The APS Council unanimously endorsed a statement urging Congress to provide the necessary funding for timely completion of the national Spallation Neutron Source (SNS). Councillors from all sectors of the APS agreed to its scientific necessity and "urgent national need" to meet the growing needs in the US research community for more powerful neutron sources that are competitive with those in Europe and Japan.
Neutron scattering is a powerful and unique tool for elucidating the fundamental structure of both physical and biological matter. It is routinely used to unlock the secrets of superconductors, magnetic materials, advanced polymers, and other materials of crucial interest to industry. It is estimated that the SNS will attract 1000 to 2000 scientists and engineers each year from universities, industries, government laboratories, and other nations.
The SNS is being built at Oak Ridge National Laboratory by a consortium of national laboratories including: Argonne, Berkeley, Brookhaven, and Los Alamos. The total cost of the SNS was originally set at $1.3 billion with a year 2005 completion date. The State of Tennessee has pledged $8 million to the project. When completed, the SNS will provide the US with a world-class neutron facility capability delivering high-powered (1-MW), short-pulsed (< 1?s) neutron bursts. A sketch of the facility may be viewed at www.ornl.gov/sns/figure_1.cfm.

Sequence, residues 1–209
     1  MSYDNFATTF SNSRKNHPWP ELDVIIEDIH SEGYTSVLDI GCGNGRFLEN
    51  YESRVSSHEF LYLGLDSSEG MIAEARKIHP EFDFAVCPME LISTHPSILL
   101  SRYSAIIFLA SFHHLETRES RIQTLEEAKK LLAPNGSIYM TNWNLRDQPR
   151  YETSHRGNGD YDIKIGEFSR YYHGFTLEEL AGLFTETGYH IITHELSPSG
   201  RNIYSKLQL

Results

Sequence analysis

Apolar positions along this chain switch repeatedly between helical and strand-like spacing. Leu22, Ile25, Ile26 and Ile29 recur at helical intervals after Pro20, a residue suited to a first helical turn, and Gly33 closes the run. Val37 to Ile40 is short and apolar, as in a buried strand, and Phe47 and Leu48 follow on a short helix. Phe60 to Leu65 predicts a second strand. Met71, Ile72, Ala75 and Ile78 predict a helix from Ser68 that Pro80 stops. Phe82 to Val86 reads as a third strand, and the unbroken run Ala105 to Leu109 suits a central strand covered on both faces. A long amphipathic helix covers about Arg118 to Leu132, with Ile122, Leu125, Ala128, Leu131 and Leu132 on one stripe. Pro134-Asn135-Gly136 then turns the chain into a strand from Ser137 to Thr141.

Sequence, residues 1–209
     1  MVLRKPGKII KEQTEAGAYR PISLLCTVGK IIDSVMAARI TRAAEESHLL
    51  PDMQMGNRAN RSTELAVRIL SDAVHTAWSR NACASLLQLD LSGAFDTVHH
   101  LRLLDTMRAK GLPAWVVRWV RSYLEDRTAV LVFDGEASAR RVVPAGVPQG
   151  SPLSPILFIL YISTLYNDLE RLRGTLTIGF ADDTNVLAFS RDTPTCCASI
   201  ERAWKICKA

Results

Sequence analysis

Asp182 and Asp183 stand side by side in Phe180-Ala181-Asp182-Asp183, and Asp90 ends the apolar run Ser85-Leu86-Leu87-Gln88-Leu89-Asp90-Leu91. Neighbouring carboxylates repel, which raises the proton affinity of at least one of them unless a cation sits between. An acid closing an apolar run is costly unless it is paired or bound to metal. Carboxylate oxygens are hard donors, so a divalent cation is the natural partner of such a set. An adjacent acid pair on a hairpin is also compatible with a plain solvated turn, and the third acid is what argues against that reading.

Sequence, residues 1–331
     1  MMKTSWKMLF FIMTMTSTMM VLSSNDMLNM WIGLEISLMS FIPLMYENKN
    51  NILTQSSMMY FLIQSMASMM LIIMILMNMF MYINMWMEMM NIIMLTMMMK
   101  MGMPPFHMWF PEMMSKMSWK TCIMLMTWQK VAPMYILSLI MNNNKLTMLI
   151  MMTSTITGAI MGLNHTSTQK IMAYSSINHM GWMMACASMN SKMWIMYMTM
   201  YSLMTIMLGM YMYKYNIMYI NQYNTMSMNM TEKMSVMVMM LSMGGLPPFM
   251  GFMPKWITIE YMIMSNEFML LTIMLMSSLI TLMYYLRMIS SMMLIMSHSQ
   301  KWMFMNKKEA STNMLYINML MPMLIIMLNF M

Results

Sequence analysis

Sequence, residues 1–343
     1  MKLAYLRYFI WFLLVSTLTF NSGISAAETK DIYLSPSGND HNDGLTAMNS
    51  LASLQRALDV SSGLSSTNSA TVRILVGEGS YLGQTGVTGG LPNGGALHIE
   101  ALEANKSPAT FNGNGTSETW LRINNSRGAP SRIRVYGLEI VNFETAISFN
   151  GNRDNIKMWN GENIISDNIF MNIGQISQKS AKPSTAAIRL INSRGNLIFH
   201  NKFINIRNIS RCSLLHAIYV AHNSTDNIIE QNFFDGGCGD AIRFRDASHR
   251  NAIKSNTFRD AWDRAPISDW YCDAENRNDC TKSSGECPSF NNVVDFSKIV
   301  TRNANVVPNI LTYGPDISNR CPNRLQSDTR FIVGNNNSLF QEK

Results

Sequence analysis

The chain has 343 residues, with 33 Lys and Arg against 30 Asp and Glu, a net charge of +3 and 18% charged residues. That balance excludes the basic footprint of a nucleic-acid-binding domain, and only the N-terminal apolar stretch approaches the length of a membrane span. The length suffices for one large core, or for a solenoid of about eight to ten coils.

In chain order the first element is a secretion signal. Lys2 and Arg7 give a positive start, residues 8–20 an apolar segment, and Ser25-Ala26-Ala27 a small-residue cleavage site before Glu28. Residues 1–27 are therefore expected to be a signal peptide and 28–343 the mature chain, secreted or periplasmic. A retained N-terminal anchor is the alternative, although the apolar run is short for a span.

House Science Committee Chairman James Sensenbrenner, Jr. (R-WI), who conducted a well-publicized oversight visit to Oak Ridge last March, praised the project's unquestionable scientific merit and recommended full funding for R&D. But Sensenbrenner also expressed concern about project management as well as cost and schedule estimates and recommended no allocation of funds for construction in FY2000.
A new project director and tighter management procedures has helped allay many concerns. A total allocation of $117.9 million for the SNS was allocated for FY2000 which includes only $100 million of the original $196.1 million construction request. APS Director of Public Affairs Michael Lubell warns that "the project remains at risk and is greatly in need of support from the scientific community."
"The timely completion of the Spallation Neutron Source is an urgent national need. American scientists who study the structure of both physical and biological matter must have access to modern neutron facilities. Otherwise, our nation will be at a severe disadvantage in advancing new science and technology. The Council of the American Physical Society urges Congress to continue to provide the necessary funding for completion of the project in a timely manner."